Songs vintage and new benefit from the clear voice and unforced, unpretentious "old soul" sensibilities of crooner Matt Barber. Come for the comfort zone of standards like Brigadoon's "Almost Like Being in Love" and stay for a couple of new surprises with his newest release, The Song Is You. Nestled in easygoing but non-clone, well-played jazzy arrangements, the musical weather report is warm and/or breezy. There's nary a cloud to disturb the atmosphere of contentment and hope prevalent on this 12-track set.
"East of the Sun (and West of the Moon)" gets a felicitous ballad treatment that brings out its idyllic romantic heart ("We'll build a dreamhouse of love, dear") with a string arrangement and flugelhorn. Elsewhere, the agenda to glide through melodies or amiably and ably swing doesn't always allow the vocalist to get deep into lyrics with nuance. But there's evident joy in the more casual "For Once in My Life" and "Just the Way You Are" (the latter with an echo of the sound of the hit record version by its author, Billy Joel). The repertoire includes two classics with Johnny Mercer lyrics given their due (the wistful "Moon River" with Henry Mancini's melody and "I Remember You," with Victor Scherzinger's) and two Jerome Kern/ Oscar Hammerstein collaborations: "All the Things You Are" and The Song Is You's title number.
A nice surprise, well handled, is the inclusion of the disarming "Love Like You" from Cartoon Network's animated series "Steven Universe" ("If I could begin to be/Half of what you think of me/ I could do about anything./ I could even learn how to love"). "Brother" Day Kelly guests on sax and piano for the reflective "Moments in Time," written and arranged by him and singer Barber. Various musicians and arrangers make strong contributions. Several tracks feature the piano work and arrangements of the late Bradley Young, to whose memory the album is dedicated.
Even when things seem a bit offhand, there's a fondness in the embrace of the material and a sense of wanting the lyrics to sound believable; to quote Hammerstein's line in "The Song Is You," it's that "the music is sweet, the words are true."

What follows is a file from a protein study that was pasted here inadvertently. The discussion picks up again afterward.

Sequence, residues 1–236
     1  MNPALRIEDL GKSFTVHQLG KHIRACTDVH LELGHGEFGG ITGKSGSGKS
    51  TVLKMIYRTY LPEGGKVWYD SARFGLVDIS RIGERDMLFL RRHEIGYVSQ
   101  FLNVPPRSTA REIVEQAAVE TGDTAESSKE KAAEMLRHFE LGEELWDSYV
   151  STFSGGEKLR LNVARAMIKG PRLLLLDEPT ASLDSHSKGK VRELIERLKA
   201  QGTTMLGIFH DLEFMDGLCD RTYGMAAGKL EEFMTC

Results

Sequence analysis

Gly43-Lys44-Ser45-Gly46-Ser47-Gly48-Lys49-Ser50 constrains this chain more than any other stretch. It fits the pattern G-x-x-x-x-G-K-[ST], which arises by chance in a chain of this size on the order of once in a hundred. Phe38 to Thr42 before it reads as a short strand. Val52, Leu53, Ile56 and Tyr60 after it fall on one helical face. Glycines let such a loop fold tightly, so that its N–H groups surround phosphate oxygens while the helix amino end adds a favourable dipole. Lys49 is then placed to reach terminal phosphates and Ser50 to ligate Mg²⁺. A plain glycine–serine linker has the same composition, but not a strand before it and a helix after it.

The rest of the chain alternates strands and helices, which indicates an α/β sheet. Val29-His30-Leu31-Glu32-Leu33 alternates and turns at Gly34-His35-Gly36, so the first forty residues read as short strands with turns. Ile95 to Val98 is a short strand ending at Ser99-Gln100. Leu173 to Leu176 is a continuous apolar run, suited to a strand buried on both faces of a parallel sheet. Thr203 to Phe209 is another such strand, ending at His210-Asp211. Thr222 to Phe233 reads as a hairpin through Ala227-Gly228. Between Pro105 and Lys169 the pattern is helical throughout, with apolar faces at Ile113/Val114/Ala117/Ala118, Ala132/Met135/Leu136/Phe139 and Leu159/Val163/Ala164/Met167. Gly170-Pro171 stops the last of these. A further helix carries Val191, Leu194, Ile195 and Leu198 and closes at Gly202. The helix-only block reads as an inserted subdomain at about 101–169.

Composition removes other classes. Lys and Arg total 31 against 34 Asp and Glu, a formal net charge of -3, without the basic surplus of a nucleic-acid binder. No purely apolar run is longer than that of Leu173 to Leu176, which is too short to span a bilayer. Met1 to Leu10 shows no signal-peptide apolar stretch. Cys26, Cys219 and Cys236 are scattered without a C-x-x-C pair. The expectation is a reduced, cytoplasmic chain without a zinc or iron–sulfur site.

In his second release, What a Way to Go!, the way to go favored by singer Ben Cassara is via the path where sensitivity and swing converge. There's modesty in the methodology so that lyrics are approached in a tender and genial way as they flatter the development of the melodic lines. Histrionics are anathema and while his timbre is soothing, it's a chill pill instead of a sleeping pill. He always sounds involved and intentional.
The baked-in reserve and pensiveness allow "I Just Found Out About Love" to project a kind of mature delight that seems appropriate, rather than unadulterated giddy ebullience. Liberties taken to relax "Secret Love" allow phrasing of the lyric to stress certain words differently and bring new shades to the romantic revelations. "I Let a Song Go Out of My Heart" is slowed down from its typical tempo, exposing the full potential of sorrow in the words in this classic that usually has its deliciously sinuous Duke Ellington melody in the spotlight in a bolder way. Mr. Cassara ends the despairing song with extra repeats of its phrase "I won't know sweet music" to emphasize the loss.
A few writers are notably favored in the 14-track set. There are two trips to the songbook of the king of Brazilian bossa nova, Antonio Carlos Jobim, sung gracefully in English versions (Ray Gilbert's contribution to "Fotografia" and Susannah McCorkle's treatment of "Vivo Sonhando"). The sly work of Dave Frishberg is represented by three choices, and Ronny Whyte, who produced the recording, has four pieces he co-wrote included. He is also the arranger and pianist on those, providing his customary classy touch. Everything else has John Richman as pianist/arranger, gifting the vocalist with some simpatico and stimulating settings. Saxophonist Harry Allen enriches the moods on eight cuts. The two other players on the project, bassist Boots Maleson and drummer Tim Horner, are on all numbers. Musicians get special focus in strong instrumental breaks, with usually concise turn-taking.
Although Ben Cassara's "nice guy" persona keeps him at a laid-back, benevolent energy level that does not suit the accusatory tone of Frishberg's cautionary tale about "Wheelers and Dealers," he's good casting otherwise. He's the charming romantic considering the next step with a lover, whether it's encouraging one to "Linger Awhile" (Roger Schore's sophisticated and seductive lyric cozying up to the Whyte melody) or accepting the risks with a fatalistic shrug and smile (What a Way to Go!s witty title song by June M. Tonkin). The next smile will be yours, I bet, if you spend some time with the cool and competent Cassara.